The Crackman, Rich Comeras, as a public service, shares common questions that homeowners have regarding a wide range of homeowner insurance coverages. Today he is joined by his friend, Peter Marshall, from Marshall Insurance where they discuss the difference between replacement and depreciated value.
Rich: Hi, this is Rich from A1 Foundation Crack Repair, here with my friend, Peter Marshall from Marshall Insurance. Thanks for being here.
Peter: Thank you.
Rich: A question that comes up regularly is, as it relates to insurance is, what is actual replacement cost versus depreciated value replacement cost. Tell us the difference and what people should look for, and look out for, and be aware of.
Peter: Sure. So nowadays, the standard homeowner’s policy covers the house on a replacement cost basis. And what that means is they’re not accounting for depreciation, it’s whatever the cost is to rebuild the house today, to put up the same house that was there prior to the loss, whether repairing the damage with similar materials as were there before the loss. With actual cash value there’s depreciation, so if the house is 20 years old and the house burns to the ground, you’re not going to get the full replacement cost, the cost of labor and materials to rebuild the house. What you’re going to get is that, minus 20 years’ worth of depreciation.
Rich: It’s kind of like, you buy a piece of wood, a 2x4 for $4 or $5 today, back when the house was built it was only $2. There’s a difference in price and it equates also to the replacement of the house.
Peter: Correct. Right.
Rich: So, you want to make sure you would have replacement cost.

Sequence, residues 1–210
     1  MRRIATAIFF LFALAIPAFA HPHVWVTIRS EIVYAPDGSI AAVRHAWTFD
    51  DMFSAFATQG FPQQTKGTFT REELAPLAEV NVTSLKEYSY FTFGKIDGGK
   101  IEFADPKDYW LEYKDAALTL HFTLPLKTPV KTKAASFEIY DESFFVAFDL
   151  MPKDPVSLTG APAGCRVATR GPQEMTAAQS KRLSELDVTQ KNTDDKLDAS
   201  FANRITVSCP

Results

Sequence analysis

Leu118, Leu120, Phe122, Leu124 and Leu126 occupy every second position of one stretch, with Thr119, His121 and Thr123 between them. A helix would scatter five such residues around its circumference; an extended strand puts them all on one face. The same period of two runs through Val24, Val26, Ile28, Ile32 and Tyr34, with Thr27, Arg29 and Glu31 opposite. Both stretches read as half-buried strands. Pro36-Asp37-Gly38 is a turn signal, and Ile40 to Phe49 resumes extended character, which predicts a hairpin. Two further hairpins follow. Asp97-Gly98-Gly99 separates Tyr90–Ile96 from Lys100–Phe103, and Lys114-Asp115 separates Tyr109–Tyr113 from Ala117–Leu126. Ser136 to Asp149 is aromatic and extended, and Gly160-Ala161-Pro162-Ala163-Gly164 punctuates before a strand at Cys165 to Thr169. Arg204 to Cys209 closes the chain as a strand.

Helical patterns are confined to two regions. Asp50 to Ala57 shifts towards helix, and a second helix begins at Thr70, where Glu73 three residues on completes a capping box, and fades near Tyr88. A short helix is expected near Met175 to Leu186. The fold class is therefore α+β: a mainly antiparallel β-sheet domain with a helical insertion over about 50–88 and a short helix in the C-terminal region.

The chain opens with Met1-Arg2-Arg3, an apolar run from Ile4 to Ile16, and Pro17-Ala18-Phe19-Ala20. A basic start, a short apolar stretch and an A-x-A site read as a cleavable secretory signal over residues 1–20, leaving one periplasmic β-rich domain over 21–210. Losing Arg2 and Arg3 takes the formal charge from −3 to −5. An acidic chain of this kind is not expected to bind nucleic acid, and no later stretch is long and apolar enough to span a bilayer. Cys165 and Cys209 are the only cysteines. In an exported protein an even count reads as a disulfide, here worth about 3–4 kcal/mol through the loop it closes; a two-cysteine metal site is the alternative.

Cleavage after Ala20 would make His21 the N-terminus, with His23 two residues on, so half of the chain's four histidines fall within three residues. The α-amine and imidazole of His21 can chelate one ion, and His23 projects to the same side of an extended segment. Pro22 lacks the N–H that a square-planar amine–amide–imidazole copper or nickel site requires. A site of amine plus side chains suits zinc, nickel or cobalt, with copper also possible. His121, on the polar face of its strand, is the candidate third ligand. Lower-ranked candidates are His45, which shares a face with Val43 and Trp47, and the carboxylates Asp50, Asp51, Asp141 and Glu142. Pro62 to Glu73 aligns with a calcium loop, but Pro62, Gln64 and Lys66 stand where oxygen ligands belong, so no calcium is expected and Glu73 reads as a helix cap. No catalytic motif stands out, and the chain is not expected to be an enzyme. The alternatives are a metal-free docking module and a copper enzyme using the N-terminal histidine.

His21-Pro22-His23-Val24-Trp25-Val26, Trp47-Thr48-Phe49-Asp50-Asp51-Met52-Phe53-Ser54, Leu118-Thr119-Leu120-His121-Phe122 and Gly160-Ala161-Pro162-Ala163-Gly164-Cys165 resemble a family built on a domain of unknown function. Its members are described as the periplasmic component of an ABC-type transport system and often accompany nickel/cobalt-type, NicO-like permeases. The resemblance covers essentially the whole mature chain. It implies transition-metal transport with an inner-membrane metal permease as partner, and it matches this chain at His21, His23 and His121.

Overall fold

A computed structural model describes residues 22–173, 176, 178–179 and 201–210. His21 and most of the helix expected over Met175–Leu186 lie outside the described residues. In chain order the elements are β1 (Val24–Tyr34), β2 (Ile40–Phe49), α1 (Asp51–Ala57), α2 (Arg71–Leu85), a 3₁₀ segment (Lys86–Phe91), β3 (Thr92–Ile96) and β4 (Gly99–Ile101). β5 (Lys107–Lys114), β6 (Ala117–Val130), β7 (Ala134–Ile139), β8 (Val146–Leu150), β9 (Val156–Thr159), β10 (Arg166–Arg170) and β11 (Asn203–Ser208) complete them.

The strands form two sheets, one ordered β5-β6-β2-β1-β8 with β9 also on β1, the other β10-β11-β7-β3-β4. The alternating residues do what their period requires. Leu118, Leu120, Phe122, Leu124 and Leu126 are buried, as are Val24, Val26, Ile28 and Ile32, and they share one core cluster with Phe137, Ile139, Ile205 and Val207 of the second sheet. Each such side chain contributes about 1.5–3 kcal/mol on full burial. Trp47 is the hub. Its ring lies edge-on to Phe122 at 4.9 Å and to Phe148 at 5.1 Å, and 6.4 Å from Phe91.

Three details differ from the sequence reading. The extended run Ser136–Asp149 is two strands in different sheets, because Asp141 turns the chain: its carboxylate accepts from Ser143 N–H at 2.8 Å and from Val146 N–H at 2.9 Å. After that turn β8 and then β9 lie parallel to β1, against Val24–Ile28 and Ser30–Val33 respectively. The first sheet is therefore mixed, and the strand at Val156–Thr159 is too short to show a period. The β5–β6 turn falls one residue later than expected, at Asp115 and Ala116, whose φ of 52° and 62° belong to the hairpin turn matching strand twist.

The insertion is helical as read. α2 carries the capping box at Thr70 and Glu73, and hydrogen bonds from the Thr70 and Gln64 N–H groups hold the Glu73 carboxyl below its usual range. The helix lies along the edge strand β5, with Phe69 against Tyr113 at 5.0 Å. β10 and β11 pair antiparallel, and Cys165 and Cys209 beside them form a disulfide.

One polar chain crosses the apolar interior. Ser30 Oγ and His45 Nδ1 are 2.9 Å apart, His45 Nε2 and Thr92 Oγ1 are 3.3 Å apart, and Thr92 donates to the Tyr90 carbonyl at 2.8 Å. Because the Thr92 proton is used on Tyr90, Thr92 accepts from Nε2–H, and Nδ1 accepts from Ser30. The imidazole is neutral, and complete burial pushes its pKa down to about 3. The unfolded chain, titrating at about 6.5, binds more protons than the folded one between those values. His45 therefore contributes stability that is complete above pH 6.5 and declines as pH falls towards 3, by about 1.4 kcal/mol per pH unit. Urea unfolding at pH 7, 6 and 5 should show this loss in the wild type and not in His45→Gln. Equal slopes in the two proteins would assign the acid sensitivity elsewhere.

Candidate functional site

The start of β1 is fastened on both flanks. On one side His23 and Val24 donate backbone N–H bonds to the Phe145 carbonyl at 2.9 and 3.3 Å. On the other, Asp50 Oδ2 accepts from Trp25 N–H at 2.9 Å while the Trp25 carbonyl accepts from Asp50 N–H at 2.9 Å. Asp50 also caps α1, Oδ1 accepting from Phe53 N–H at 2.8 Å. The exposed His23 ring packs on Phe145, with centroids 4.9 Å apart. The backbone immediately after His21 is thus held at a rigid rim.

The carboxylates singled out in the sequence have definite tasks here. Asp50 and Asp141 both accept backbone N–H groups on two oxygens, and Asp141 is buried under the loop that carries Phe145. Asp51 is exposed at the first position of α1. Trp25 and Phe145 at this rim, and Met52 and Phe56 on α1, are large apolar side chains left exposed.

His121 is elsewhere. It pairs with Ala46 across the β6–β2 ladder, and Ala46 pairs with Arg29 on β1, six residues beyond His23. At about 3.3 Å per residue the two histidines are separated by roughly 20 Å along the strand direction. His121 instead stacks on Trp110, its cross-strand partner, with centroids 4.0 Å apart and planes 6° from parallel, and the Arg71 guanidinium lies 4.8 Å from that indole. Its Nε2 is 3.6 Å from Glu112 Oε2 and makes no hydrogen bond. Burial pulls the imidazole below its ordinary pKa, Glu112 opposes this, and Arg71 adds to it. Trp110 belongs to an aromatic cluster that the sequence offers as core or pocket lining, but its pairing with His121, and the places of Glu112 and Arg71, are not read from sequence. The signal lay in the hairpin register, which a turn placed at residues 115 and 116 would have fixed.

Peter: Yeah, and if you are with a standard insurance company, such as Travelers, or Safety, Norfolk & Dedham, you’re automatically going to have replacement cost on the dwelling. It’s not a question. The only time you wouldn’t have replacement cost, is if you are with a non-standard company. And the only time you would be with a non-standard insurance company is if there’s an issue with the home, such as, it suffered damage and you never repaired it, or the electrical system hasn’t been updated, or the roof needs to be repaired, then you can’t get standard insurance and then you would likely have actual cash value.
Rich: Sounds good. Thank you for your information, Peter.
Peter: Thank you, Rich.
If you have a basement water problem and think you need a professional, or, if you’d like more information on foundation repair and waterproofing topics, please visit A1FoundationCrackRepair.com or call Rich at (866) 929-3171. Or you can email rich at firstname.lastname@example.org. Thanks for watching and keep that basement dry.
In this episode, Rich, shares a crazy case study about a video that Crack Daddy “Adam” sent over. If we didn't know any better, we'd think they were trying to fill a swimming pool with the volume of water streaming into the basement. The customer was grateful that A1 Foundation Crack Repair was able to save them from sinking.
Narrator: It’s time once again for the “Crack Man Podcast” hosted by A1 Foundation Crack Repair. We’re here with the Crackman himself, Rich Comeras. Rich has 30 years of experience in the construction industry and over 20 years’ experience as the President and founder of A1 Foundation and Crack Repair Inc. His podcasts provides expert basement waterproofing, concrete repair, and preventative maintenance tips for homeowners and businesses. A1 Foundation’s valuable insight will help avert a disastrous flood within the basement, health problems associated with water infiltration within the basement, and protect your biggest investment….your home. The topic of today’s podcast: The Case of the Squirting Stone Foundation. So Rich, I caught the video that Crackdaddy Adam sent over and if I didn’t know any better, I’d think that they were filling up a swimming pool in that basement. Am I right?